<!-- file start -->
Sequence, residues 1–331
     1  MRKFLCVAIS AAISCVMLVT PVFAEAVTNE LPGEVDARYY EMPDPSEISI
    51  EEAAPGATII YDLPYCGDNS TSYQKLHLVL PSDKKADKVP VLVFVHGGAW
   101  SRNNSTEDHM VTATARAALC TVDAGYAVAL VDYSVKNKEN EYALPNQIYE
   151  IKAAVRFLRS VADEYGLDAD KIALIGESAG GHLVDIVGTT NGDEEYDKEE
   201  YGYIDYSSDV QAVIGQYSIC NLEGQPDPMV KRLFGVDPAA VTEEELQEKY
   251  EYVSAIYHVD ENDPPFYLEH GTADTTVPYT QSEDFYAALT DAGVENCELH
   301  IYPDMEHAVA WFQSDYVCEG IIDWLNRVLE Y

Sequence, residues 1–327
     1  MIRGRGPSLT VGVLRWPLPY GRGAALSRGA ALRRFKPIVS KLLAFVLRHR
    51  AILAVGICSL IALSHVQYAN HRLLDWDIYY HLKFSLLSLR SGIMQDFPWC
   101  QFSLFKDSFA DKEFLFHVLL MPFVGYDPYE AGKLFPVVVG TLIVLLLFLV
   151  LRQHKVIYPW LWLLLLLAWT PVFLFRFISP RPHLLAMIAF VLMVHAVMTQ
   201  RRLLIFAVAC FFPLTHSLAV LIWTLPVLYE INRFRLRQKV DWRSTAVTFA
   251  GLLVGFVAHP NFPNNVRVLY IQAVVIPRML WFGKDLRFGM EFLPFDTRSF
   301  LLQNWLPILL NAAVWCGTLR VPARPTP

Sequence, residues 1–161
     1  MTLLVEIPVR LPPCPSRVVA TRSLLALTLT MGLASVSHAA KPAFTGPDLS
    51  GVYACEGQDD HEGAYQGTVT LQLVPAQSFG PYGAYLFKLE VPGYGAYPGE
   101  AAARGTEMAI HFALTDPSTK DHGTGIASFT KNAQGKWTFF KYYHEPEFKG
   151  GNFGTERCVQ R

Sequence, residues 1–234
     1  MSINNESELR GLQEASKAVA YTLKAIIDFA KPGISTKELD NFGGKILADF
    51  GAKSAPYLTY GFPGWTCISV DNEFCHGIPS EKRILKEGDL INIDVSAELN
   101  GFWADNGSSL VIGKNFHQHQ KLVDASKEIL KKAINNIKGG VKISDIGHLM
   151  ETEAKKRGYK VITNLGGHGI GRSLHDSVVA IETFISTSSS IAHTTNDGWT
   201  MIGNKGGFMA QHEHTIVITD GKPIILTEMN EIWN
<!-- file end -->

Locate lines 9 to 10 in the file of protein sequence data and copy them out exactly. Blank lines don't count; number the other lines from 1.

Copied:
Sequence, residues 1–327
     1  MIRGRGPSLT VGVLRWPLPY GRGAALSRGA ALRRFKPIVS KLLAFVLRHR